The Pontiac G8 GXP was my real choice, however I couldn't find any that weren't used as drag racers by "coked" out sales managers. Trust me I couldn't find any within 300 miles of me(New Hampshire)That had less than 5500K on them. It's true, the sales managers got them as their "own" demos & beat the crap out of them! If there had been any with low mileage(less than 500)The GXP would have been my final choice. I guess I could have done without all the "techno" goodies or the 25+ highway mph of the Taurus, but I think overall I made a damn good choice getting the SHO. It really gets compliments. People don't seem to know what it is!I guess there really ARE a lot of people out there who don't read auto magazines! :)
  • podpod Posts: 176
    I did see my first 2010 Taurus today, the only one at a ford dealership. It was weekend hours so no oportunity to sit in or drive. Initial impressions: very much more modern sheetmetal styling, not nearly as big as expected when I stood next to it, the rear end really comes up very high. Couldn't tell much about the interior but concerned that the "flowing center console" might crimp the space for the driver's R leg/foot. The console widens as it comes back and there doesn't seem much room for the R leg to drift to the right when using cruise control or at rest. Is this a problem for 2010 owners? Overall much improved car. Sticker was something in the 34K range which is over my head. I am thinking of subsidizing it by renting out space in the trunk to a tribe of gypsies.
  • bruneau1bruneau1 Posts: 468
    We have had our SEL awd for about two months. It'd cinnamon metallic with light stone interior. Everyone who has seen it is impressed. We avoided the 255/45/19 tires and have a better ride, but had to give up some items, but nothing important.It is a wonderful highway cruiser and gets better mileage than expected. As far as seating room in the front, it is true that the console is big. But unless you are huge or really fat, there shouldn't be a problem. We also did not order a sunroof and enjoy the head room. The Sync lady came on last night while driving and asking me if I wanted weather, turn-by-turn directions, or vehicle health report or cancel. Since I haven't set up Sync yet, I said cancel. The best value of the Taurus line is the SEL. Get leather and Sync with back up warning, and you have a nicely equipped vehicle at a decent price. We paid $28,700 with Costco pricing, early order rebate, standard rebate, and 0% financing for 36 months. What a deal for a sweet car.
  • One of the best ideas I ever got from my father-in-law was adding those stick on 2" parabolic mirrors to my R/L outside door mirrors. Once you get used to them you feel handicapped when you drive a car without them when it comes to blind spots. One glance tells you if there is anything in your blind spot. They help in parallel parking too because you can easily see the curb distance without adjusting mirrors. About $3 for two.
  • gregg_vwgregg_vw Posts: 2,437
    Or adjust your side mirrors so that you have no blind spot. There is no need to see the side of your own car when you look in the side mirror. What you need to see is the other car and other lane.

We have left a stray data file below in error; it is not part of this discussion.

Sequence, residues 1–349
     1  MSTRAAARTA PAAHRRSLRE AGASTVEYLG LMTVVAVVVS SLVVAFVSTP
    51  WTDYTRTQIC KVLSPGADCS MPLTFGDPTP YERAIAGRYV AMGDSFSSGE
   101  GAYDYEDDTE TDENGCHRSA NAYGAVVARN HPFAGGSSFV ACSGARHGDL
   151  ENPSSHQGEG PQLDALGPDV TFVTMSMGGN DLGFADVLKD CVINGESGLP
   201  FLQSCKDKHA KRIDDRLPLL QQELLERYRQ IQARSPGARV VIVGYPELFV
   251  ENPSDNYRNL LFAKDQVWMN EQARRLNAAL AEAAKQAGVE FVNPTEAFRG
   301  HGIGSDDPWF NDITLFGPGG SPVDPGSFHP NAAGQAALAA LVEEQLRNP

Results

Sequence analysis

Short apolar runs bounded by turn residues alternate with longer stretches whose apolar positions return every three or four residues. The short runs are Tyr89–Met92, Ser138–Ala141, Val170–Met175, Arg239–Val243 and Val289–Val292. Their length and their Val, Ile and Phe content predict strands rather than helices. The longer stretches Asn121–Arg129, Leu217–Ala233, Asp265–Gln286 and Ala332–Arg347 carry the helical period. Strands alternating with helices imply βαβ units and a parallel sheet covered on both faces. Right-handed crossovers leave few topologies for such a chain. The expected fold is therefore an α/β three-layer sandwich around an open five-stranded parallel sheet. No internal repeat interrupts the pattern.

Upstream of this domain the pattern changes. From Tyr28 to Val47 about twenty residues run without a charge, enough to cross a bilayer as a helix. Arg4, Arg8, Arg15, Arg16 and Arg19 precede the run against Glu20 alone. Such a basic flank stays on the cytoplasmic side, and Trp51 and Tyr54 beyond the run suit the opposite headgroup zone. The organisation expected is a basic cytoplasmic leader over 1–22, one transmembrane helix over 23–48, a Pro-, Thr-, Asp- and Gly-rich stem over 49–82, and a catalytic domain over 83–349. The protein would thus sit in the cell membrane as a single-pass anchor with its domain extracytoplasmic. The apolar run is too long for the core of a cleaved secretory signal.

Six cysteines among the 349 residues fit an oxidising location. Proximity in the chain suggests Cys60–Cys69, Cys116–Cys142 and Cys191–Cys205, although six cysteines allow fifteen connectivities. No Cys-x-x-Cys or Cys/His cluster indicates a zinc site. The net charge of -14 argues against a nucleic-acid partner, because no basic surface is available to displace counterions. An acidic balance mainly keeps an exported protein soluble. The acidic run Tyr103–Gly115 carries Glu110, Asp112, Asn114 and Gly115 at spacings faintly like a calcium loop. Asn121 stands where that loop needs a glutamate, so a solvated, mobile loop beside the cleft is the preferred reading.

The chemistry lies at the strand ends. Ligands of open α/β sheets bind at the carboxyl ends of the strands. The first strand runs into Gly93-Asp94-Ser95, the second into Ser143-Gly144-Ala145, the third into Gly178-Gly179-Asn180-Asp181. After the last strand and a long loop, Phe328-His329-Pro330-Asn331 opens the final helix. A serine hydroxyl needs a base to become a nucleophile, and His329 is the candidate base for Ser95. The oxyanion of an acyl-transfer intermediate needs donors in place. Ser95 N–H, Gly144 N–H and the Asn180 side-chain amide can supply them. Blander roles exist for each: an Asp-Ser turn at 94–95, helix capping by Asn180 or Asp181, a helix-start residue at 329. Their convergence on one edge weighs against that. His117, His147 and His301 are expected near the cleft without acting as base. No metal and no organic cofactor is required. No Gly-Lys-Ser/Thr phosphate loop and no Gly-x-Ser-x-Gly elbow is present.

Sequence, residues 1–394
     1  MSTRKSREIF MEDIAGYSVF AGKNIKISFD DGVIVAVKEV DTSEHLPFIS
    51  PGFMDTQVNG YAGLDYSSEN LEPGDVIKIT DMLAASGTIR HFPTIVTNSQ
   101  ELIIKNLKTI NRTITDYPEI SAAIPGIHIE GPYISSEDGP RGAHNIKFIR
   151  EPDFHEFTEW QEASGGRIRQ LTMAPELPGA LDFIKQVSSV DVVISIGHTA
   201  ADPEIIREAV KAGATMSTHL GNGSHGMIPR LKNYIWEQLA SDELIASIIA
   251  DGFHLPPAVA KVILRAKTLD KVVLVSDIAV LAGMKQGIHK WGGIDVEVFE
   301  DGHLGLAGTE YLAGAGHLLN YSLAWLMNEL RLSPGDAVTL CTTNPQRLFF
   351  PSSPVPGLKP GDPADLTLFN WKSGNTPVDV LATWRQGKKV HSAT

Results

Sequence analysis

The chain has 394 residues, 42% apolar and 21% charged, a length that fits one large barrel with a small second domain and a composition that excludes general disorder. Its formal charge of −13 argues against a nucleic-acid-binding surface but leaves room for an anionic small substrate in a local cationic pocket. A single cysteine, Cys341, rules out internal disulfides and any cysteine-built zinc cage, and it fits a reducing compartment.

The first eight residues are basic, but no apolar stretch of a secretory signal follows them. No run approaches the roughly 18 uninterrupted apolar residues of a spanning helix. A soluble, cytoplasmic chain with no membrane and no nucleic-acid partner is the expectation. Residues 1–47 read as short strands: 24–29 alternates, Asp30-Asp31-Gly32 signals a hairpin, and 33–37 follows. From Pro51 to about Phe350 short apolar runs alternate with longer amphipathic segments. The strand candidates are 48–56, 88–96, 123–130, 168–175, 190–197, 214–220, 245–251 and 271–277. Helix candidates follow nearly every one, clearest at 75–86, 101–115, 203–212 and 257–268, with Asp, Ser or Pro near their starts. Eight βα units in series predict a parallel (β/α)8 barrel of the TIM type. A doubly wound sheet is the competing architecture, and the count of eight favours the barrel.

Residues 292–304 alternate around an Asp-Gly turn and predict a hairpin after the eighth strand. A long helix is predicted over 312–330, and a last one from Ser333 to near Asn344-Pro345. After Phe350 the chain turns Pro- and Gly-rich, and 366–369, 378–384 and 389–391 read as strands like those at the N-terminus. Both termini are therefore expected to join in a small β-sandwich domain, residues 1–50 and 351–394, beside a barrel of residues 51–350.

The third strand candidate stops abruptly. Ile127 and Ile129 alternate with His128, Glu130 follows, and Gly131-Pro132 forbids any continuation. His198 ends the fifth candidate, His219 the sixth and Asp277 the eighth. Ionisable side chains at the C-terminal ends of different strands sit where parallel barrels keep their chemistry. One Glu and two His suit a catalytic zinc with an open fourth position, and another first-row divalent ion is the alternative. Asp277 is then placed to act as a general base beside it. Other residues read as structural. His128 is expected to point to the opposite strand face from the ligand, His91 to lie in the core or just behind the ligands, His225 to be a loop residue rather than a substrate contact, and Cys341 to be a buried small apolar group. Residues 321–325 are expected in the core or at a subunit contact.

• akirbyakirby Posts: 8,062
    Try explaining that to the "modders" that went nuts and retro-fitted the new BLIS mirrors to their pre-2010 Edges. I [half] joked that my Edge didn't have any blind spots because I adjust my mirrors correctly and I always glance over my shoulder before changing lanes. They were trying to justify the mod claiming it was for safety instead of just installing a neat toy. To hear some of them talk it's a wonder I make it home without crashing because I don't have aftermarket HIDs and BLIS mirrors. Of course it's easy for me to recognize rationalization because I was a master at it for a long time.
  • thegraduatethegraduate Posts: 9,731
    Or adjust your side mirrors so that you have no blind spot. There is no need to see the side of your own car when you look in the side mirror. What you need to see is the other car and other lane.

    I've found in more than one car (my own daily commuter, for one) that the mirrors don't adjust far enough "out" for me to not see any of the car. I'm 6'5" and sit upright, but with the seat all the way back.
  • gregg_vwgregg_vw Posts: 2,437
    Ok, got me there.
  • thegraduatethegraduate Posts: 9,731
    Well, I'm not trying to be snide at all - its just something that vertical overachievers notice from time to time. :)

    Overall, I agree with your argument. In my '06 Accord, I have no problem; its mirror range is plenty broad enough. The only two cars I've driven (out of probably 20 in my life) that I couldn't adjust perfectly were my '96 Accord sedan and my girlfriend's old Saturn SC1.
  • podpod Posts: 176
    I have been an occasional poster in this forum largely because I am very satisfied with my 2000 Sable and figured to stay with a good thing. My posts, however, have lamented: (1) weight, (2) gadgetry, (3) cost and (4) fuel economy of the 2010 non-SHO taurus. Rebuttals have been civilized and credible. I finally realized that I was looking in the wrong place. I am still stuck on the notion of a midsized sedan which represents good value. The larger taurus is neither midsized nor a good value for me. My best alternative so far (don't laugh too loud) is the Mazda 3i series. Comparing the base 3i to the base SE (2010 models) the mazda is about $8500 less, about 1000 pounds less, has a thrifty 4 cylinder engine which still gets to 60 only one second behind the SE, has a five speed auto which can be manually shifted (no paddles, a shifter!), and sports FE of 25/33. The nice thing about the 3i series is that you can effectively choose a minimalist base model or gussie it up with all the options. The more features, the wider the spread between the Taurus and the Mazda cost-wise.
    Even though it is listed as a compact, the interior dimensions are not hugely different.